The Indian society it seems, have lately turned into an easy, vulnerable platform for sexual crimes inflicted by male perpetrators on their relatively weaker female counterparts which result in their actions being addressed as mere mistakes by the influential assassins of the physical assault, thus getting away with punishments which in no way appears to be at par with the crime committed.
The example in case is the recent rape case of the innocent young journalist working with popular Tehelka magazine by her senior- the editor-in-chief of the magazine Tarun Tejpal at Goa where the team had gone for a special event and the news of which has shattered the dignity of journalistic reputation and aura to a great extent.
The journalist was enticed by Tejpal to get into the elevator at a hotel post which he assaulted, molested and unclad her, while turning the lift to “stay in circuit” mode. The young woman was too shaken, abashed and mortified not only by the incident but by the assaulter’s statement while leaving, “this is the easiest way for you to keep your job”.
Disconcerted to the bits and afraid of losing her job in reality she reported to office the next day only to face the same discourse of molestation that evening as well. The journalist’s courage and indomitable spirit won over her initial feelings of trauma and chagrin later when she mailed details of the incident to Shoma Chaudhury, the Managing Editor who in turn took the bold step to take the case forward in spite of receiving much flak from some of her colleagues as well as media for derogating the very magazine she was associated with.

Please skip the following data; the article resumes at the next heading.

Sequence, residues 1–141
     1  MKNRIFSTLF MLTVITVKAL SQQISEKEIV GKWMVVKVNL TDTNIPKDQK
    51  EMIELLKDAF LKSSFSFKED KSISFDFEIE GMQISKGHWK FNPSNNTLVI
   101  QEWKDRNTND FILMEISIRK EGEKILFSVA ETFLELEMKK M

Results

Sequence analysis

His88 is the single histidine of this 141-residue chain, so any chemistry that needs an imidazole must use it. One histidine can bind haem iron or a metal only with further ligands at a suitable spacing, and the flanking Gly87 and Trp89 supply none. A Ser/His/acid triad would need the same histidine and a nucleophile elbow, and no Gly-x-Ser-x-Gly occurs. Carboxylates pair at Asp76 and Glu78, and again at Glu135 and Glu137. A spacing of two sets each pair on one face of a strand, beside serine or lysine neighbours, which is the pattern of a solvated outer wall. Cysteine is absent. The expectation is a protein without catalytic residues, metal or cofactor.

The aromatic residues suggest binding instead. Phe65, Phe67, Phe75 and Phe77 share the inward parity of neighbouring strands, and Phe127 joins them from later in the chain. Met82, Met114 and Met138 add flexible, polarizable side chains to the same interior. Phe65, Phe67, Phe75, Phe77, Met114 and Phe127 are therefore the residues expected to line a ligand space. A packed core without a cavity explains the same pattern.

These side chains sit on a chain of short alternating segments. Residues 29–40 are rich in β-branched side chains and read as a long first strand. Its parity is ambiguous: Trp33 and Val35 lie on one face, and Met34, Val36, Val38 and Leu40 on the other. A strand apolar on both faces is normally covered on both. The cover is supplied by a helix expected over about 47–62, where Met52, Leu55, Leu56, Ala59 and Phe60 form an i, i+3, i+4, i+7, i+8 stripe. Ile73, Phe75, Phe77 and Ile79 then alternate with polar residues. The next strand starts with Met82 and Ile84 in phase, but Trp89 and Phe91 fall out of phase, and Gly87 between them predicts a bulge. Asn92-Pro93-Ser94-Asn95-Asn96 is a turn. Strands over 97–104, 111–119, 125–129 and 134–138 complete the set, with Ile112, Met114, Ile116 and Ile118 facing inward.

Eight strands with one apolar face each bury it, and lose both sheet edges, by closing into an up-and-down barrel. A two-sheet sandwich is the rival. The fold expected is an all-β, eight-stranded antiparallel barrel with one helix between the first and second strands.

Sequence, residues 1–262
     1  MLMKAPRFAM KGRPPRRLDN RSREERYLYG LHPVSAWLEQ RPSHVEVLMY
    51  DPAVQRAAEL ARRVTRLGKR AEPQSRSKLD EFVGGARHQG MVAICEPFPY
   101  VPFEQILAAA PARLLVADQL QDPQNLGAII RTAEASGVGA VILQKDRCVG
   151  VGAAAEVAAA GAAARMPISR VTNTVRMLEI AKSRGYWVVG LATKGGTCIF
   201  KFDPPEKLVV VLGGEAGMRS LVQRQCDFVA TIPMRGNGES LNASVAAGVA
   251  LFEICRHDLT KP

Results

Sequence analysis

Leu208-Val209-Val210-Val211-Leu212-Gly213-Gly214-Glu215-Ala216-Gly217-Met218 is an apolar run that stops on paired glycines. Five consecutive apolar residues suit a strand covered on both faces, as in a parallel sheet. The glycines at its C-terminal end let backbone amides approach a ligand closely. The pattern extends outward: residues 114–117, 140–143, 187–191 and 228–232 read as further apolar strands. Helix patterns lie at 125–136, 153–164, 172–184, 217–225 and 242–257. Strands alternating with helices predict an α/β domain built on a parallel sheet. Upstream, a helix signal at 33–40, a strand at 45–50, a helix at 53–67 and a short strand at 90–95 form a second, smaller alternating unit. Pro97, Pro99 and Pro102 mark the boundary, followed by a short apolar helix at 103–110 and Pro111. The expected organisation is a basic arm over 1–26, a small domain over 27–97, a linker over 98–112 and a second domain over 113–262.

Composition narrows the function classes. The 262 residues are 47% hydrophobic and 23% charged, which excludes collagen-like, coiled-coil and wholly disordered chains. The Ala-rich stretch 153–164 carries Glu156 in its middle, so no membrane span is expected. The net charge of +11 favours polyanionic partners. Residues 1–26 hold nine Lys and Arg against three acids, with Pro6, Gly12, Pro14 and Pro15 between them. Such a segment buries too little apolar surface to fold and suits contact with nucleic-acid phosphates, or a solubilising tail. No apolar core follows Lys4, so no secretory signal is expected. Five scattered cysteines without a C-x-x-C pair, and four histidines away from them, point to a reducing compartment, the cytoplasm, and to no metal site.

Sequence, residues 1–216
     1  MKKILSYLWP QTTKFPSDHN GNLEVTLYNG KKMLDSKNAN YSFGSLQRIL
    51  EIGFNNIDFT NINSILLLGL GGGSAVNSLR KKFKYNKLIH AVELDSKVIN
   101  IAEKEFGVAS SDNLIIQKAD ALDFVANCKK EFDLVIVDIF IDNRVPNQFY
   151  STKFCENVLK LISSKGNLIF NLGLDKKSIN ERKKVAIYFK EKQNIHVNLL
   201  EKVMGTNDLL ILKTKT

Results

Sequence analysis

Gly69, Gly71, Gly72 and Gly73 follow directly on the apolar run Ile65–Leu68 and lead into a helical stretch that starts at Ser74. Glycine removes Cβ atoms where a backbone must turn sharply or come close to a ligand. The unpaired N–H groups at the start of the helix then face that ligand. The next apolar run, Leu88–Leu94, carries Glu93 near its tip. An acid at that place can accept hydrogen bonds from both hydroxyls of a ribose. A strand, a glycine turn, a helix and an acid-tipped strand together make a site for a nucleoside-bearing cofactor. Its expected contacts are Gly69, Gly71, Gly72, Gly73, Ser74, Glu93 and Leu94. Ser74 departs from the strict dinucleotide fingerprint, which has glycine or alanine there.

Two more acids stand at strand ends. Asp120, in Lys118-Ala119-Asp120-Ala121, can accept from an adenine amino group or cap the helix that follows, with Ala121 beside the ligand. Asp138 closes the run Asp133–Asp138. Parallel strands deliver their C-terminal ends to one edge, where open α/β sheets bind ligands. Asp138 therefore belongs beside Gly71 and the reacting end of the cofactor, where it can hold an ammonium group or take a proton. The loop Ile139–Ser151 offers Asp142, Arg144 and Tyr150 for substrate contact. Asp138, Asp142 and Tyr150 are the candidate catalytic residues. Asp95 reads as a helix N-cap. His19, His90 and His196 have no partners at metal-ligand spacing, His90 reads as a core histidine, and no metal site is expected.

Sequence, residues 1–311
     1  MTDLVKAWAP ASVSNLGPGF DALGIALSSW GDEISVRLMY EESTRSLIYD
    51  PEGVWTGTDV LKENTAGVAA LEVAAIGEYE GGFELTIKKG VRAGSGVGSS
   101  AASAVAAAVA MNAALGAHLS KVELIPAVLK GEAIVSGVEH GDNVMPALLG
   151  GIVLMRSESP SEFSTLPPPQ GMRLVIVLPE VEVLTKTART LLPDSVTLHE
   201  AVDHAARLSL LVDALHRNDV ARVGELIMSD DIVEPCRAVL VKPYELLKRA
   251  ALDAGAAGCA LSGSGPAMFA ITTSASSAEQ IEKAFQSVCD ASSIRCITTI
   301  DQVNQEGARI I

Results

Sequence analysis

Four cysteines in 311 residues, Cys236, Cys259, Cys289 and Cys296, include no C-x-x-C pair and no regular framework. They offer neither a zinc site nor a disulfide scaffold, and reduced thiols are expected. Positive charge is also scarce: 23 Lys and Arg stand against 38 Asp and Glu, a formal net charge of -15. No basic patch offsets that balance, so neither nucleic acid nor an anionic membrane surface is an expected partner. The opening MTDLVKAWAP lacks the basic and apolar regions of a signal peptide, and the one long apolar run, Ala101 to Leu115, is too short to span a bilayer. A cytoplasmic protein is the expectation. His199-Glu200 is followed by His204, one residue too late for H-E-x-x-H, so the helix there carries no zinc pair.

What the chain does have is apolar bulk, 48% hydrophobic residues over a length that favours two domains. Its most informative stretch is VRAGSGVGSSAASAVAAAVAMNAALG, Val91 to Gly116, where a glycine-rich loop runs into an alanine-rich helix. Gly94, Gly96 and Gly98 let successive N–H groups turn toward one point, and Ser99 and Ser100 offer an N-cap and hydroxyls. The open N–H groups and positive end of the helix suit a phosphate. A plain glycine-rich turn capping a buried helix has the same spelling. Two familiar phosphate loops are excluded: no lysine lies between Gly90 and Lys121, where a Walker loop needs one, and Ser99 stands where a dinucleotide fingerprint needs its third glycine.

The Splintering of Tehelka and Journalism
The incident brings to light a few very strong points that shatter the ethical attributes of journalism. First, it indubitably wrecked the reputation and credibility of Tehelka because of the magazine’s strong association with the editor-in-Chief. Secondly, the way the magazine tried to cover up the matter in conjunction with Tejpal’s attempt to take the sting out of the incident by saying it was “a bad lapse in judgment, an appalling misreading of the situation,” and “drunken banter” only point at the magazine’s sheer negligence of true journalistic ethics.
While Tehelka quips that one should not turn judgmental in haste, ironically that is what the magazine and in fact the whole of media world does always. Finally, looking at the other side of case many of the young as well as senior journalists working with the magazine did not deter from lending their support to the helpless and crippled victim proving once again their integrity and solidarity as professional journalists and responsible citizens of the country.